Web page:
7

I was using this spray meant to hasten recovery from the common cold. This study, sponsored by the pharmaceutical company that produces the spray, stated it reduced virus by 92%, and so shortens the duration of the common cold.

Meanwhile a doctor told me that these kinds of things don't work.

Does someone have some perspective on this? Is this a believable study? Was it well designed, and has it been duplicated?

If so, why wouldn't the pharmaceutical produced a certified and expensive drug instead of a no-prescription drug?

3

Looking at this from the perspective of an infectious disease epidemiologist, the kind of person who often reads (and occasionally runs) studies of this type, I'm skeptical. A number of reasons why:

  • The only results are a synopsis. More details and data are apparently available, but there is no manuscript, and their "Transparency Policy" has a lot of caveats in it.
  • It's not a peer reviewed study.
  • Their treatment protocol is oddly variable - 4 mandatory days plus a possible additional six days based on...?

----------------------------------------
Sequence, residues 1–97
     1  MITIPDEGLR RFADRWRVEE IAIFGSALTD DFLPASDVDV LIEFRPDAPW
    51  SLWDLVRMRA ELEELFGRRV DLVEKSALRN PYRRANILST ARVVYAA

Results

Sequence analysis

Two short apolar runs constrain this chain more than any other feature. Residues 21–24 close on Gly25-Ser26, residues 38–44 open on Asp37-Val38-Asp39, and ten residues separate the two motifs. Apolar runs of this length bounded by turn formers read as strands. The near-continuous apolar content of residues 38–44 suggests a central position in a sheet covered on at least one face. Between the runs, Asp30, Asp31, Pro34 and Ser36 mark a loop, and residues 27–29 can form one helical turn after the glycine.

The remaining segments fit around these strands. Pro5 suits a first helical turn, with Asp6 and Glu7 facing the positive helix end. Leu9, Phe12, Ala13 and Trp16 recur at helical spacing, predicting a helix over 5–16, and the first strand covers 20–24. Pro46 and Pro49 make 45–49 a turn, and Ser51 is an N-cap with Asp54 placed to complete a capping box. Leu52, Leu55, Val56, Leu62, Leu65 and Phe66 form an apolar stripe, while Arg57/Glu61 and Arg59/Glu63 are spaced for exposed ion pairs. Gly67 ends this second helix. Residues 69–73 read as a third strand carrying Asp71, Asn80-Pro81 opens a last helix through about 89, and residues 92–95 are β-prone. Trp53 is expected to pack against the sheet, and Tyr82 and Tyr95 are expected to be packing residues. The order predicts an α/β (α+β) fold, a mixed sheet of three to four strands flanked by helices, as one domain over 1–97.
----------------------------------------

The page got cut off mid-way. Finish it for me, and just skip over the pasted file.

• Again, since they're not providing tables, this gets a little frustrating to try to consider, but their treatment arm is fairly heavily skewed toward women - they claim it's similar in the control arm, but they won't show you how similar.
  • They fail at their primary endpoint, being the mean number of symptoms reported between the treatment and control. The mean number of symptoms are about half-a-symptom less between the treatment and control arms, but the result isn't statistically significant, they do some statistical adjustment I'm a little skeptical of - because they don't describe it - and they end up using somewhat...loose...language like "was a strong trend in favour of Bisolviral®."
  • This is all based on patient self-report of symptoms, and interestingly, there's absolutely not an effect for self-reported assessment of efficacy between the treatment and control arms. Further, looking at viral load assays, there's also no biological evidence that anything is happening.

I can't find the specific language about the 92% claim you cite in your question, but my assessment of the overall evidence that this compound works would be "Faint and preliminary, at best".

  • Since the link said "Full text" I thought it had the full text, and not a synopsis of the result. The 92% claim is in the promotional material from the spray. Meanwhile I found some other "similar studies" (I think), and asked a more broad question. It's here, if want to have a look. Thanks! – Fernando César May 3 '15 at 6:48

Your Answer

By clicking “Post Your Answer”, you agree to our terms of service, privacy policy and cookie policy

Not the answer you're looking for? Browse other questions tagged or ask your own question.